• Scale Bar – This was the biggest weakness of the print composer. The scale bar automatically takes the unit of measurement from your map, and there doesn’t seem to be an option to convert your measurement units. Which means you’re showing units in feet, meters, or decimal degrees instead of miles or kilometers, which doesn’t make a lot of sense. Since I was making a thematic map, I left the scale bar off. If anyone has some suggestions for getting around this or if I’m totally missing something, please chime in.
  • Exporting to Image – I exported my map to an image file, which was pretty simple. One quirk here – regardless of what you set as your paper size, QGIS will ignore this and export your map out as the optimal size based on the print quality (dpi) that you’ve set (this isn’t unique to QGIS – ArcGIS behaves the same way when you export a map). If you create an image that you need to insert into a report or web page, you’ll have to mess around with the dpi to get the correct size. The map I’ve linked to in this post uses the default 300 dpi in a PNG format.
  • Printing to PDF – QGIS doesn’t have a built in export function for PDF, so you have to use a PDF print driver via your print screen (if you don’t have the Adobe PDF printer or a reasonable facsimile pre-installed, there are a number  of free ones available on sourceforge – PDFcreator is a good one). I tried Adobe and PDFcreator and ran into trouble both times. For some reason when I printed to PDF it was unable to print the polygon layer I had in either the inset map or the primary map (I had a polygon layer of pumas and a point layer of puma centroids showing MOEs). It appeared that it started to draw the polygon layer but then stopped near the top of the map. I fiddled with the internal settings of both pdf drivers endlessly to no avail, and after endless tinkering found the answer. Right before I go to print to pdf, if I selected the inset map, chose the move item content button (hand with globe), used the arrow key to move the extent up one, and then back one to get it to it’s original position, then printed the map, it worked! I have no idea why, but it did the trick. After printing the map once, to print it again you have to re-do this trick. I also noticed that after hitting print, if the map blinked and I could see all the elements, I knew it would work. But, if the map blinked and I momentarily didn’t see the polygon layer, I knew it wouldn’t export correctly.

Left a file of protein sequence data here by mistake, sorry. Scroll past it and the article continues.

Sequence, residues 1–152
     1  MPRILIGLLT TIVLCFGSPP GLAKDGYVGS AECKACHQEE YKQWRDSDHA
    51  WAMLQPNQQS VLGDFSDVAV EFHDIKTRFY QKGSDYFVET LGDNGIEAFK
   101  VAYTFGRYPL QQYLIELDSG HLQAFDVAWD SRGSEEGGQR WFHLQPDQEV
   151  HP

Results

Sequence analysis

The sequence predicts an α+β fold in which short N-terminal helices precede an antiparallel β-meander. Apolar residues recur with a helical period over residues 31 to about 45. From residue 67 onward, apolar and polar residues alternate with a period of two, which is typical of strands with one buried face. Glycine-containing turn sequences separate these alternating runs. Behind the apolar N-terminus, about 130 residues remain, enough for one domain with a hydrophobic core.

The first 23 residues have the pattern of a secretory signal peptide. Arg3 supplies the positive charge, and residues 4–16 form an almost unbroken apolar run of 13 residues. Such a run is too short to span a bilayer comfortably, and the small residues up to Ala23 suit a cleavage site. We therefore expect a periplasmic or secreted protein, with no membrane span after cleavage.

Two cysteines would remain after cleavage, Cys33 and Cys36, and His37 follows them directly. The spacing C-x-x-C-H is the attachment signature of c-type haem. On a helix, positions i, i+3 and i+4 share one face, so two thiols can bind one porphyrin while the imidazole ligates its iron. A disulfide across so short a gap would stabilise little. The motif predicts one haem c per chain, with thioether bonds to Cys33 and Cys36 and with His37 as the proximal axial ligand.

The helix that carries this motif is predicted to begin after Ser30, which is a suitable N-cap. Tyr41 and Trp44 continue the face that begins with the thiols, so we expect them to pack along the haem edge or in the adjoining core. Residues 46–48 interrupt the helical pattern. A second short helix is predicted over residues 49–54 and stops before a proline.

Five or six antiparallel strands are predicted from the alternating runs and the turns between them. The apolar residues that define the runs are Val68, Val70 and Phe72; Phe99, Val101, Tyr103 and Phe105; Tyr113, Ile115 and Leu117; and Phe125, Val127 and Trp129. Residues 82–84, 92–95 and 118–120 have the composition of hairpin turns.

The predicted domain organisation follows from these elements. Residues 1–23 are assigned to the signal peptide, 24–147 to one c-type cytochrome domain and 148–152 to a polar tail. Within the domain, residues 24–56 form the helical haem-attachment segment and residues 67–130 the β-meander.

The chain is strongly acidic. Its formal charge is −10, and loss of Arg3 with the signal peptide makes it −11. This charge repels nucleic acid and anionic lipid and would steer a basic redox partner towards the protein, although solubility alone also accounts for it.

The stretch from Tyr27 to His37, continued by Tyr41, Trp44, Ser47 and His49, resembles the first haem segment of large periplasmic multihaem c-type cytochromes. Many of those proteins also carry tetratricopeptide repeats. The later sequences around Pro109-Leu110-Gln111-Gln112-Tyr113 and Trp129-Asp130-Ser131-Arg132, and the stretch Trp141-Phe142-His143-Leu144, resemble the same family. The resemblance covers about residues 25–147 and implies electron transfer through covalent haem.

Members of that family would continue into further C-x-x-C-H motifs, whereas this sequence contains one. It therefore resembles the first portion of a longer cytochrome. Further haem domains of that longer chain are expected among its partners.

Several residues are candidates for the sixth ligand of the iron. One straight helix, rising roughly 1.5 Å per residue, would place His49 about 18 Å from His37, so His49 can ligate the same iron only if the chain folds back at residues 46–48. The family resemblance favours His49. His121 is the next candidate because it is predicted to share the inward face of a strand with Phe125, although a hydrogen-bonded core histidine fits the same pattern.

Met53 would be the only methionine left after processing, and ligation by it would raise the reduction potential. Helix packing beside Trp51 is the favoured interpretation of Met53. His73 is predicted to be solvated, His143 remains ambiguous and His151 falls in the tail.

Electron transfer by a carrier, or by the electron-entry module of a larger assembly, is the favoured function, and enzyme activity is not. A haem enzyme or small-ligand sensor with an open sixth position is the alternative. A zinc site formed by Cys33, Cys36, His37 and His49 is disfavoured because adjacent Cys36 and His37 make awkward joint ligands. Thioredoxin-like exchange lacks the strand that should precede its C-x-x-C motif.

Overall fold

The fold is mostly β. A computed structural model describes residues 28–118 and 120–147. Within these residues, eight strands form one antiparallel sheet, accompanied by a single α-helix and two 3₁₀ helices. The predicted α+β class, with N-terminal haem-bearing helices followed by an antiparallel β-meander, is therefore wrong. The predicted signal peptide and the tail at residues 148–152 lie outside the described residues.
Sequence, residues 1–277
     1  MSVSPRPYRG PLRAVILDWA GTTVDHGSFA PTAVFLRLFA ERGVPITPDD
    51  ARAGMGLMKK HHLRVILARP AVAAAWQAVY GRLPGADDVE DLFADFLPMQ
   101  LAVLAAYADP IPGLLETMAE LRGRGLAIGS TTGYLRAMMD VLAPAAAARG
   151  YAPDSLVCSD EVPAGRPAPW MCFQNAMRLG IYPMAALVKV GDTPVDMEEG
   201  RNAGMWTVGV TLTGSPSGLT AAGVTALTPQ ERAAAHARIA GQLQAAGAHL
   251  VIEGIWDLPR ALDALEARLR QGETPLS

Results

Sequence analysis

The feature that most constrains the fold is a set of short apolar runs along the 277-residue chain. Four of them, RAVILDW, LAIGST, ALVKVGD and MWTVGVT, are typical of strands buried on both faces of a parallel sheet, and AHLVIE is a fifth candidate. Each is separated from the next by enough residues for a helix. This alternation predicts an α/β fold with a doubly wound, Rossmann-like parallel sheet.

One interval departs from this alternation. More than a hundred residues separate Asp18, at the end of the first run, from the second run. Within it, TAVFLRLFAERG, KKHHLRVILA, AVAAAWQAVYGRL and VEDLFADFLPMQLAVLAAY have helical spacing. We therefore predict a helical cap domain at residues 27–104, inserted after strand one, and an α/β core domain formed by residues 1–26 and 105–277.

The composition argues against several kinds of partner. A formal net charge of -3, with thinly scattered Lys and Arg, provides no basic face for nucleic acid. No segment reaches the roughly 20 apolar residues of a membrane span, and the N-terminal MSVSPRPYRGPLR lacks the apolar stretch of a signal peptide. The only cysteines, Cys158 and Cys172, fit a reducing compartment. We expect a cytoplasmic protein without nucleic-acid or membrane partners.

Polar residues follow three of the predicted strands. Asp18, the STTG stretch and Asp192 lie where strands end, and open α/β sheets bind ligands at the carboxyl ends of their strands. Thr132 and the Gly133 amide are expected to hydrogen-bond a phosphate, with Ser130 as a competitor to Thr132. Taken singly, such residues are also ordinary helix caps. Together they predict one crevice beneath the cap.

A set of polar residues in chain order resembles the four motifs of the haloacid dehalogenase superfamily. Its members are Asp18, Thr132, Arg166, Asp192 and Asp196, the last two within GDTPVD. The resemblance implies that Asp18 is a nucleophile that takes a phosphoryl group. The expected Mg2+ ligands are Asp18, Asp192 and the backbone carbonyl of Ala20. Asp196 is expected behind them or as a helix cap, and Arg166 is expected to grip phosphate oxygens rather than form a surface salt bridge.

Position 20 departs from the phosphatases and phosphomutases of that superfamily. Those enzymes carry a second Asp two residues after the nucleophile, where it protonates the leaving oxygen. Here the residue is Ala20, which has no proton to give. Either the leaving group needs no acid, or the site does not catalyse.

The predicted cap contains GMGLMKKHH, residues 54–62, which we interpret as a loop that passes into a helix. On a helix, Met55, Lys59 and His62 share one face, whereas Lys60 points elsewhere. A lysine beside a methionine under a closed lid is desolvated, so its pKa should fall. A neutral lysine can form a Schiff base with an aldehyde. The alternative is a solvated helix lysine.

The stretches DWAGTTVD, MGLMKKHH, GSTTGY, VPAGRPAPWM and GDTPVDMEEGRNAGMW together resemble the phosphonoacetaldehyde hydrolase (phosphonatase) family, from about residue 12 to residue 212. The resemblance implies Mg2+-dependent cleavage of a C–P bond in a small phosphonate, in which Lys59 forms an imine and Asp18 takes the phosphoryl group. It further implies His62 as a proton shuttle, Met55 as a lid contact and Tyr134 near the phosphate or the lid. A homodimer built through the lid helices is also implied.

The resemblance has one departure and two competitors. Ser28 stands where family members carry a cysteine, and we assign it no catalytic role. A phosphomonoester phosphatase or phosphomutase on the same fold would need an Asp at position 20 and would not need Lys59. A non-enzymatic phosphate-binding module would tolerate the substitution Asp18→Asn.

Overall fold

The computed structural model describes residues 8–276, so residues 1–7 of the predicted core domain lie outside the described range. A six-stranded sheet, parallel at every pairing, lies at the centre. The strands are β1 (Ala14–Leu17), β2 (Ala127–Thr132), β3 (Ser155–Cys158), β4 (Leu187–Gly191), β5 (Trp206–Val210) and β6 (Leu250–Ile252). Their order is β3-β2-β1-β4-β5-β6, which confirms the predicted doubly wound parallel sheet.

Despite a few quirks (what software doesn’t have them), I was really happy with the end result and find myself using QGIS more and more for making basic to intermediate maps at work. Not only was the print composer good, but I was also able to complete all of the pre-processing steps using QGIS or another open source tool. I’ll wrap up by giving you the details of the entire process, and links to previous posts where I discuss those particular issues.

I used 2005-2007 American Community Survey (ACS) date from the US Census Bureau, and mapped the data at the PUMA level. I had to aggregate and calculate percentages for the data I downloaded, which required using a number of spreadsheet formulas to calculate new margins of error; (MOEs). I downloaded a PUMA shapefile layer from the US Census Generalized Cartographic Boundary files page, since generalized features were appropriate at the scale I was using. The shapefile had an undefined coordinate system, so I used the Ftools add-on in QGIS I converted the shapefile from single-part to multi-part features. Then I used Ftools to join my shapefile to the ACS data table I had downloaded and cleaned-up (I had to save the data table as a DBF in order to do the join). Once they were joined, I classified the data using natural breaks (I sorted and eyeballed the data and manually created breaks based on where I thought there were gaps). I used the Color Brewer tool to choose a good color scheme, and entered the RGB values in the color / symbology screen. Once I had those colors, I saved them as custom colors so I could use them again and again. Then I used Ftools to create a polygon centroid layer out of my puma/data layer. I used this new point layer to map my margin of error values. Finally, I went into the print composer and set everything up. I exported my maps out as PNGs, since this is a good image format for preserving the quality of the maps, and as PDFs.